Clinical characteristics, response to therapy, and survival of African American patients diagnosed with chronic lymphocytic leukemia: joint experience of the MD Anderson Cancer Center and Duke University Medical Center.
Little is known regarding racial disparities in characteristics and outcomes among patients with chronic lymphocytic leukemia (CLL).The characteristics and outcomes of untreated African American (AA) patients with CLL (n = 84) were analyzed and compared with a reference nonblack (NB) patient population (n = 1571).At the time of presentation, AA patients had lower median hemoglobin levels (12.9 g/dL vs 13.7 g/dL), higher β2 microglobulin levels (2.7 mg/dL vs 2.4 mg/dL), greater frequency of constitutional symptoms (27% vs 10%), unmutated immunoglobulin heavy-chain variable region (IGHV) mutation status (65% vs 47%), ζ-chain-associated protein kinase 70 (ZAP70) expression (58% vs 32%), and deletion of chromosome 17p or chromosome 11q (28% vs 17%; P ≤ 02 for each comparison). Fifty-one percent of AA patients and 39% of NB patients required first-line therapy and 91% and 88%, respectively, received chemoimmunotherapy. Overall response rates to treatment were 85% for AA patients and 94% for NB patients (P = .06); and the complete response rates were 56% and 58%, respectively (P = .87). The median survival of AA patients was shorter compared with that of NB patients (event-free survival: 36 months vs 61 months; P = .007; overall survival: 152 months vs not reached; P = .0001). AA race was an independent predictor of shorter event-free and overall survival in multivariable regression models.The current results indicated that AA patients with CLL have more unfavorable prognostic characteristics and shorter survival compared with their NB counterparts.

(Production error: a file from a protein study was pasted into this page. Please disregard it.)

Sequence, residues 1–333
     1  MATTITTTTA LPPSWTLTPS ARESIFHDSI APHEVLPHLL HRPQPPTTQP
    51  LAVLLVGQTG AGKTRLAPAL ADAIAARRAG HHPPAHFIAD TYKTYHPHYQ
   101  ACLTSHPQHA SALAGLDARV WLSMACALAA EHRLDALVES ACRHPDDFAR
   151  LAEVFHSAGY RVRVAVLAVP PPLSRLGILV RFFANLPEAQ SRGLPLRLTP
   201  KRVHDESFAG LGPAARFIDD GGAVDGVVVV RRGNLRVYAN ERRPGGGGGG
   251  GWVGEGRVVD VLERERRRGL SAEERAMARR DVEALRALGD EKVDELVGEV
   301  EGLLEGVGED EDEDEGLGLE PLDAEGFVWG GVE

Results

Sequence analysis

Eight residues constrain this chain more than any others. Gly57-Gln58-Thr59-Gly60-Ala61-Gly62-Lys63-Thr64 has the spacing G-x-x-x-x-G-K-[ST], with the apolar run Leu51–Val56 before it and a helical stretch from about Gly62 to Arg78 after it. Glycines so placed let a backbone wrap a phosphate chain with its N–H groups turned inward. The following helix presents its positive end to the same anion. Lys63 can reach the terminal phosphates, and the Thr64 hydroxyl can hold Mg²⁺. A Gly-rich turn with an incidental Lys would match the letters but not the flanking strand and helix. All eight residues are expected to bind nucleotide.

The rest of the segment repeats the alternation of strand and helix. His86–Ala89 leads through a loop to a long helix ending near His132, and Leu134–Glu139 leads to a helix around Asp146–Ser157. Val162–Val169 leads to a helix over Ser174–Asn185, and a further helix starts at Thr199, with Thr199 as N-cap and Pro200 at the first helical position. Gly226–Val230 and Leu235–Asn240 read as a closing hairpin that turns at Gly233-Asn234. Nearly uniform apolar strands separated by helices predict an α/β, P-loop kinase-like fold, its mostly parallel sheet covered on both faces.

Falchi, L; Keating, MJ; Wang, X; Coombs, CC; Lanasa, MC; Strom, S; Wierda, WG; Ferrajoli, A
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